To be sure, this article’s agreement with the government’s Boston bombing narrative has not been enough to squelch a controversy over the magazine’s use of a fairly attractive photo of Dzhokhar for its cover, where as the rest of the MSM have been at pains to inform us today, there have been expressions of outrage in the social media.

But do not let that persuade you that the article is anything like a balanced presentation of its subject. I find no hint in it of the possibility that the government narrative could be wrong: no questioning of how Dzhokhar could have known that his brother was dead when he supposedly wrote on the side of a boat that he would join him in paradise; no explanation of how a backpack casually slung over one shoulder would be carrying a 30 lb bomb; and no answer as to why the brothers thought the MIT campus would be a likely place to be able to steal a gun, if they really drove there three days after the bombing and killed a campus policeman.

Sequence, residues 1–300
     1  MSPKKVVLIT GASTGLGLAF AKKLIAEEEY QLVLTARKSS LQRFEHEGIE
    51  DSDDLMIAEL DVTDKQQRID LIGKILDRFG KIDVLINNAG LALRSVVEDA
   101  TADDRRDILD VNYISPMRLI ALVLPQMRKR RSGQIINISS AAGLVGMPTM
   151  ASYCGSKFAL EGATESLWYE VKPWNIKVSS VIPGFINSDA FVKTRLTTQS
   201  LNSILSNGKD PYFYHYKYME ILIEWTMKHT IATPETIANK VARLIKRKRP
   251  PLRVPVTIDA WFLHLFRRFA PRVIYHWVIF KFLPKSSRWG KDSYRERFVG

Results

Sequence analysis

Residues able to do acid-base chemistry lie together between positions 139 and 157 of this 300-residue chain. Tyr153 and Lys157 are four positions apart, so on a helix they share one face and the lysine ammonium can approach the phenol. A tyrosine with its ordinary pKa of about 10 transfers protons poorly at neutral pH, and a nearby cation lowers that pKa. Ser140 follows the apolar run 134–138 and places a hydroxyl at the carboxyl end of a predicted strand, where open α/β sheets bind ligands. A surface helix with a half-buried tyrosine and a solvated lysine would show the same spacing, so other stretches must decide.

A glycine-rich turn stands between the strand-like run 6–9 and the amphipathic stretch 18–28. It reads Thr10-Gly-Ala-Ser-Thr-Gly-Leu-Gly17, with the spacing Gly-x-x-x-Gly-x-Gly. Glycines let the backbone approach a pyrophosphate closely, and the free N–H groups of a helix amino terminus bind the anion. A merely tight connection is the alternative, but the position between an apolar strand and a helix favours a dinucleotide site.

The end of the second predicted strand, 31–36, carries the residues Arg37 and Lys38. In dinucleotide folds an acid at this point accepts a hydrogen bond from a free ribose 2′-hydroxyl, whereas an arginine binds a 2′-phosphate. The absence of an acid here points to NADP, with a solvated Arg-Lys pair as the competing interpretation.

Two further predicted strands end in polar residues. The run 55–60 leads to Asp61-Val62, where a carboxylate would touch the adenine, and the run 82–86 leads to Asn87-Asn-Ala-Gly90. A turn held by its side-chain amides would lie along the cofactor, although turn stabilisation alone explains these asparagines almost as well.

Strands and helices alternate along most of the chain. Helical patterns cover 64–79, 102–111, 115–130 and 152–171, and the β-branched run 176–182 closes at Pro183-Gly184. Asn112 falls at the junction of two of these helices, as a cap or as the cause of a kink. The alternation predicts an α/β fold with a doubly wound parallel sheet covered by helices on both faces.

No, for all its Bildungsroman pretensions and “hip” veneer this article is another hatchet job.

I do not know if this spate of verbiage shoring up the government’s Boston narrative is simply a matter of the media cashing in on the sensationalism of the arraignment last week, so that it will die out until the next public event related to the case comes up, or if it portends a sustained trend. I rather suspect the latter, and that it serves to influence plea negotiations in the hope of persuading the defendant to accept the prosecution’s “reluctant” offer of life without parole instead of execution. In that way the government could avoid a trial where a lot of its dirty linen would come out. But time will tell.

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E. F. Beall

E. F. Beall